U.S. Marine Platoon Gunnery Sergeant Ryan P. Shane, from the 1st Battalion of the 8th Marine Regiment pulls a fatally wounded comrade to safety while under fire during a military operation in Fallujah.
U.S. Marine Platoon Gunnery Sergeant Ryan P. Shane, from the 1st Battalion of the 8th Marine Regiment pulls a fatally wounded comrade to safety while under fire during a military operation in Fallujah. (upper right) Shane and another member of 1/8 pulled their fatally wounded comrade under fire. (lower left) Shane (left) is hit by insurgent fire and (lower right) lies wounded.
I just spent an hour going through all three of The Atlantic’s nightmarish photo sets on the Iraq War—starting here—and when I finally finished and got up and walked around I found myself muttering “no more war, no more war, no more war”, thinking I had to do something, Bush needs to be in an Iraqi jail for the rest of his life, and I’m finished reading anything written by Hendrik Hertzberg, who recently posted a blog on The New Yorker website which contained the following—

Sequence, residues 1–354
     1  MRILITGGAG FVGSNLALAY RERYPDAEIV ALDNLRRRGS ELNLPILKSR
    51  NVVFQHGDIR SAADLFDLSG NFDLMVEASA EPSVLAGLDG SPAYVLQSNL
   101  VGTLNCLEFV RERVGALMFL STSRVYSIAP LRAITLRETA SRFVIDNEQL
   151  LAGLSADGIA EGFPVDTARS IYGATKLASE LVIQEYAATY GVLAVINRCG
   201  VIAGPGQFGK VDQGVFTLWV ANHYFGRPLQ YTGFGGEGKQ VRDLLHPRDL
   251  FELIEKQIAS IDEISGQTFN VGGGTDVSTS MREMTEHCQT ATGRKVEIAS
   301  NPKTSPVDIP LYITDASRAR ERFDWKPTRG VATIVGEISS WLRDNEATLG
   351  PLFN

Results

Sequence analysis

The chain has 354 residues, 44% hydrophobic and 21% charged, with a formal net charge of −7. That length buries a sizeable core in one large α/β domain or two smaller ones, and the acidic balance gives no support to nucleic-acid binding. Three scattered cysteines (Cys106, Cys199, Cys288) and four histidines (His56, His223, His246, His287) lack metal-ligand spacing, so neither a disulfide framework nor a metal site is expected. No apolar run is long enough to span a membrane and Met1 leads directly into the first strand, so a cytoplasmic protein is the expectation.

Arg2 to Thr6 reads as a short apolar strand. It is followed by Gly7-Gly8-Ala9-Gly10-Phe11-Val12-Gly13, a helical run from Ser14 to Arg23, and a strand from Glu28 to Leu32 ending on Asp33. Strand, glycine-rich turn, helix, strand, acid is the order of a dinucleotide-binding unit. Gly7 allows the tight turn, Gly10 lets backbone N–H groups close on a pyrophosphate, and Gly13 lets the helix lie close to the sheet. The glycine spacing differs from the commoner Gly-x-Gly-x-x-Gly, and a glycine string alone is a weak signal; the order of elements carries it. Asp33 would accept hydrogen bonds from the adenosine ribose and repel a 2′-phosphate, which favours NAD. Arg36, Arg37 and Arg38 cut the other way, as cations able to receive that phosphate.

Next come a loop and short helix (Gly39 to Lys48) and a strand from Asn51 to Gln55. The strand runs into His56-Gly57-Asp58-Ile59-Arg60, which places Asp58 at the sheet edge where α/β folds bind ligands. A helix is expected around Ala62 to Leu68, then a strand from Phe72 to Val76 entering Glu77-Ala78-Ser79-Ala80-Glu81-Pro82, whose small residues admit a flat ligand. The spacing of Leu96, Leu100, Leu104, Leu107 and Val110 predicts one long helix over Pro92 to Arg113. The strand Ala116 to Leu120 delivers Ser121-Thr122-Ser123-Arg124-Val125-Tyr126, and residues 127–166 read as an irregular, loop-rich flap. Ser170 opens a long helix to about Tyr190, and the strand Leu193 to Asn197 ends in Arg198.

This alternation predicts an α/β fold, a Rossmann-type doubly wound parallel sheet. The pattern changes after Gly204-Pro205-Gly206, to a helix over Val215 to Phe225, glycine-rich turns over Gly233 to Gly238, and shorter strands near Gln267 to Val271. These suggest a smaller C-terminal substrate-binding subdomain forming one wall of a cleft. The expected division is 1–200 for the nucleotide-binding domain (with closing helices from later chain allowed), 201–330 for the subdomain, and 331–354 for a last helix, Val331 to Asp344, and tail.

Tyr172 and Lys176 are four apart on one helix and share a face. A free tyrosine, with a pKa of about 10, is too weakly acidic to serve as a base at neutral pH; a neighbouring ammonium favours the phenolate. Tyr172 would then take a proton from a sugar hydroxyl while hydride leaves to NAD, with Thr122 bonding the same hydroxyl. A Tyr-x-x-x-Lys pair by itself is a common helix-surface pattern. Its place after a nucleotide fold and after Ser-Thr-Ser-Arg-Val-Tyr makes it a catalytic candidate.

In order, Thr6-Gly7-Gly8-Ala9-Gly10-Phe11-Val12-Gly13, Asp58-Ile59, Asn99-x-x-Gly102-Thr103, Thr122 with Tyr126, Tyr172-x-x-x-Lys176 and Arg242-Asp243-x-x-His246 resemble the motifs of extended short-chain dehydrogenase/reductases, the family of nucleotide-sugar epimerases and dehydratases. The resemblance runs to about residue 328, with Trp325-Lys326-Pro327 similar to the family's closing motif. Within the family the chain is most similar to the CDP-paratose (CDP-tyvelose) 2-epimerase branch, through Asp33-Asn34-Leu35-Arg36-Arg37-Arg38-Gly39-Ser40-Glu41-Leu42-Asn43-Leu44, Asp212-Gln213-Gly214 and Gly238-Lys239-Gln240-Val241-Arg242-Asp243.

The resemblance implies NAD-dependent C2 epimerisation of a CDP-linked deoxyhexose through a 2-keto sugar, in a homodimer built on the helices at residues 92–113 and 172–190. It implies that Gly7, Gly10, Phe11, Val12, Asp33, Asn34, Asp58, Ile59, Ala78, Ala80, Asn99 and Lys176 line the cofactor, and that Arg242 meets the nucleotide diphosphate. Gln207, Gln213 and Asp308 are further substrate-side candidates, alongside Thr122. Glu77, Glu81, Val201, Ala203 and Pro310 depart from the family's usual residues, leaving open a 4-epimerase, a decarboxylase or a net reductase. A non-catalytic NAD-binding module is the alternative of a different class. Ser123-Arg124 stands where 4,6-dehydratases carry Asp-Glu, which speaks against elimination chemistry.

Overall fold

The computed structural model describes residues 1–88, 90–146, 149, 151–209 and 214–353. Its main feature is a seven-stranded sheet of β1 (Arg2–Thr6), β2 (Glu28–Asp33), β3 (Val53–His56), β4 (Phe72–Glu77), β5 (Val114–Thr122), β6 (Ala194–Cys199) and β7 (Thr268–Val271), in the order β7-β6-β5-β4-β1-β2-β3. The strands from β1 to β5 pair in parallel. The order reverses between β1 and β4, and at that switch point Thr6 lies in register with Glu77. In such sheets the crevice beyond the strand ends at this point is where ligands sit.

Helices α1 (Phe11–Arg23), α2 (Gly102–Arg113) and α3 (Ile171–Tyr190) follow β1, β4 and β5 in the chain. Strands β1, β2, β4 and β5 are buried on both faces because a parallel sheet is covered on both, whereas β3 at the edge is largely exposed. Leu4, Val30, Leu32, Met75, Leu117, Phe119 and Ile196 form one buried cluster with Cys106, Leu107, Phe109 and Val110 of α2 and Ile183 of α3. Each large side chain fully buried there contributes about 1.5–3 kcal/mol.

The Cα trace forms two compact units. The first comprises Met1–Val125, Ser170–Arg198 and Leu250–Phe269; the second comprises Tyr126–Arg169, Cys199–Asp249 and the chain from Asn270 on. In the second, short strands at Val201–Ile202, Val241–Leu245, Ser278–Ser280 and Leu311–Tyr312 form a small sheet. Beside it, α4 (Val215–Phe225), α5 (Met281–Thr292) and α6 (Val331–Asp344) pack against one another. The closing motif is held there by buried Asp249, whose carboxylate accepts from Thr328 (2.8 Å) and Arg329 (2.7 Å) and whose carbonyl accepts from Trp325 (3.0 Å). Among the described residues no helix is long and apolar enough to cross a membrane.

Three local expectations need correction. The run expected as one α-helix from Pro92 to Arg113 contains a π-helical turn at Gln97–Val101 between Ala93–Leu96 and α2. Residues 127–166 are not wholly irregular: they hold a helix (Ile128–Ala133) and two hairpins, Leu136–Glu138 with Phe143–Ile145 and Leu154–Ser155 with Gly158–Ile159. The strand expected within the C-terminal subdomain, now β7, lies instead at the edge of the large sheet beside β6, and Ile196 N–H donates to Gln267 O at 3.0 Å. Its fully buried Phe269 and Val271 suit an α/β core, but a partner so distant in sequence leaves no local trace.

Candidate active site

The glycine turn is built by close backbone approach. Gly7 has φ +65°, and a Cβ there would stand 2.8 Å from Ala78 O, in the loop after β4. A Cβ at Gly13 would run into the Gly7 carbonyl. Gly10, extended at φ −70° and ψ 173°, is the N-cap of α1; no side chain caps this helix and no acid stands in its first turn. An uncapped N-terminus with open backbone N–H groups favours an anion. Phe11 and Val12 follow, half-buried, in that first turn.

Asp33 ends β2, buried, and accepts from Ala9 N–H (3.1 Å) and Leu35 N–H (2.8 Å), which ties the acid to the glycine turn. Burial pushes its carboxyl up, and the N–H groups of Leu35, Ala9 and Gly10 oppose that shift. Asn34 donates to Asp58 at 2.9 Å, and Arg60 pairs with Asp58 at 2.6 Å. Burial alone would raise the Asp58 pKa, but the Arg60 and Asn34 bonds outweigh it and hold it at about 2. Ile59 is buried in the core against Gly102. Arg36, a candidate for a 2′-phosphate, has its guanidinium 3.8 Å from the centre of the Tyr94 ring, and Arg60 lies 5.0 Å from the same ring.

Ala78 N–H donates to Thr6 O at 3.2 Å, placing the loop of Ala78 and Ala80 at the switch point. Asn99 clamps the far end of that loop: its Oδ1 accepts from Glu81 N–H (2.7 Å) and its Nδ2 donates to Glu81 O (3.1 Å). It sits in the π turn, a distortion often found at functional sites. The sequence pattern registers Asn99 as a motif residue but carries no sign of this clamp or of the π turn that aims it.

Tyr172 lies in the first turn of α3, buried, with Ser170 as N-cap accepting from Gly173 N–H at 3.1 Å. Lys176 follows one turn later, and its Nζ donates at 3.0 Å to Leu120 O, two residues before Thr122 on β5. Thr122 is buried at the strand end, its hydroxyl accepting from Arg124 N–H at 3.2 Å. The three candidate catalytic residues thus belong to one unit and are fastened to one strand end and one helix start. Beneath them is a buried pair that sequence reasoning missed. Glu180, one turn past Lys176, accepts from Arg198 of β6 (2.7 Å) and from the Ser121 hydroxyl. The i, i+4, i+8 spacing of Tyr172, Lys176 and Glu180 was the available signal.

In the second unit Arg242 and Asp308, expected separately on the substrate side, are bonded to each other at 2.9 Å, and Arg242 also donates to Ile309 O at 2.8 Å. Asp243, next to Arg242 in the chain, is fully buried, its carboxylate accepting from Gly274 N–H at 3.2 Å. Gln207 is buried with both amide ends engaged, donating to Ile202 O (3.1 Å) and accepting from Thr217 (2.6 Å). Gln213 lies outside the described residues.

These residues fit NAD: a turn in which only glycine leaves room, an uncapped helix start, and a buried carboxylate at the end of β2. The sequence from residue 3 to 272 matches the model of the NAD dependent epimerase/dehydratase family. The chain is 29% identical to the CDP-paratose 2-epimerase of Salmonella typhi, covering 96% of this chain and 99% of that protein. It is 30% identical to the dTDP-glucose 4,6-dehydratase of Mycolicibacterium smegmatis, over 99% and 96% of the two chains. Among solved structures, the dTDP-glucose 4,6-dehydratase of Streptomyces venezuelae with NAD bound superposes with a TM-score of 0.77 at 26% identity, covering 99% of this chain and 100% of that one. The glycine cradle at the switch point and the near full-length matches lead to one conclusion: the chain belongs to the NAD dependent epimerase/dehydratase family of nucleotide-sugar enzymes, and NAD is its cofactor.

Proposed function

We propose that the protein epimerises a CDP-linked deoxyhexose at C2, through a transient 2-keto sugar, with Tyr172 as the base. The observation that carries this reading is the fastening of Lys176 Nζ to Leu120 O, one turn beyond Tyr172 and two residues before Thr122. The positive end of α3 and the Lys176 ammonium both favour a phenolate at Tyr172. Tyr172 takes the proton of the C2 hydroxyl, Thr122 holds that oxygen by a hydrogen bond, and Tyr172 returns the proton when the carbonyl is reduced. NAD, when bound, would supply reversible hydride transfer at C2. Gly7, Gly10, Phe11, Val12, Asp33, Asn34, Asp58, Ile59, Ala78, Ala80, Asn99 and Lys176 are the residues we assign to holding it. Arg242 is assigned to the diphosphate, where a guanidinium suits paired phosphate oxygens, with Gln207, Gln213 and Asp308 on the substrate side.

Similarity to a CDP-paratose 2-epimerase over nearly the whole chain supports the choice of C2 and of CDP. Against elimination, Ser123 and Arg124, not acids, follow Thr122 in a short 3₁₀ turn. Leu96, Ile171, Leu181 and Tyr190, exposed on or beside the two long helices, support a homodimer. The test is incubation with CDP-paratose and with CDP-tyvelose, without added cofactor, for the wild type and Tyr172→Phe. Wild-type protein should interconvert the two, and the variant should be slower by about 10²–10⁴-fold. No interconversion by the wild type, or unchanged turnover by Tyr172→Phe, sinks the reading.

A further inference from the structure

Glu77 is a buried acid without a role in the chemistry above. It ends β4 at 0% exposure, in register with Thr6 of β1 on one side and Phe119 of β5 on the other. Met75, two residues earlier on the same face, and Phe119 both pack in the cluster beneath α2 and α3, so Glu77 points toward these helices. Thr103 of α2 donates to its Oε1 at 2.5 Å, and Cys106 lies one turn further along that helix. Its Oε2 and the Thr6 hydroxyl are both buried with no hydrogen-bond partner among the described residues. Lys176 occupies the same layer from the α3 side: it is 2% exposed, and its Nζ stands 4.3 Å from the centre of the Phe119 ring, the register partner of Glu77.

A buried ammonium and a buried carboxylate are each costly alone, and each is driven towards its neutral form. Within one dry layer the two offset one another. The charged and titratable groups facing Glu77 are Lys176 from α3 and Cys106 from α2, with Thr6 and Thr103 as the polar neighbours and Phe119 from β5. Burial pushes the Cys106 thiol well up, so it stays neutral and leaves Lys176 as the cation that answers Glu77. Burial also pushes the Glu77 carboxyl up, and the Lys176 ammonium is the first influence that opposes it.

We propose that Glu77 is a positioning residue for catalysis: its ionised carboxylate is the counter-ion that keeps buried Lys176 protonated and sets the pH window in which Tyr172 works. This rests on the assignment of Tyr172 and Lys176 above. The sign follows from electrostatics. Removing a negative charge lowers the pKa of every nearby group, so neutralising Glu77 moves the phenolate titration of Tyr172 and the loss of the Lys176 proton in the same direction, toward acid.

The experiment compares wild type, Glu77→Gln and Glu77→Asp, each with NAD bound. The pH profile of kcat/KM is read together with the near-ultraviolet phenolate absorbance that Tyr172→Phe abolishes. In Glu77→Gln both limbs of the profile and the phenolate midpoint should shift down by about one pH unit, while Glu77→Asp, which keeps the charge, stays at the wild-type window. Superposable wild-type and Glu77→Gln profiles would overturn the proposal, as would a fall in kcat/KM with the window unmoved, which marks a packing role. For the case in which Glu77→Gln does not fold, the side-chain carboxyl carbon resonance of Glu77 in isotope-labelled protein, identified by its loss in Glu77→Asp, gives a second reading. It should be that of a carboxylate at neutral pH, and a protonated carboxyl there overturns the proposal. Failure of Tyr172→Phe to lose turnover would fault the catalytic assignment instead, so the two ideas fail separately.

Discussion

Drones are different. Apart from austere pacifists who reject war or violence in any form, hardly anyone rejects drones as a matter of principle, the way much larger numbers of people reject torture.
—yes, apart from crazy activists, everyone agrees that there’s nothing wrong with robotic airplanes randomly blowing people up around the planet with no oversight of any kind. Come to think of it, I haven’t encountered a single person outside of the media who’s said they approve, even in the slightest, of the drone program. What exactly are we defending, after all, if there are no checks or balances on these weapons?
But as for the photo sets, moving, horrifying, and truthful as they seemed, I couldn’t help thinking that even a magazine as leftwing as The Atlantic still can’t bring itself to depict America’s enemies in a remotely heroic fashion. There’s no problem with showing Iraqis as pathetic cowards, surrendering weaklings, charred corpses, screaming children, or stampeding old men—but will we ever see a picture of a terrorist running to save a wounded friend? Don’t tell me it doesn’t happen, and don’t even tell me it hasn’t been photographed, because these people—even the nutcases who blow themselves up in crowded mosques, committing murderous acts of terror and cowardice that pale beside the tens of thousands of corpses and millions of broken lives that lay on the hands of George W. Bush and the Supreme Court Justices who awarded him the presidency—are still human beings.
Call me Hanoi Jane, but there it is.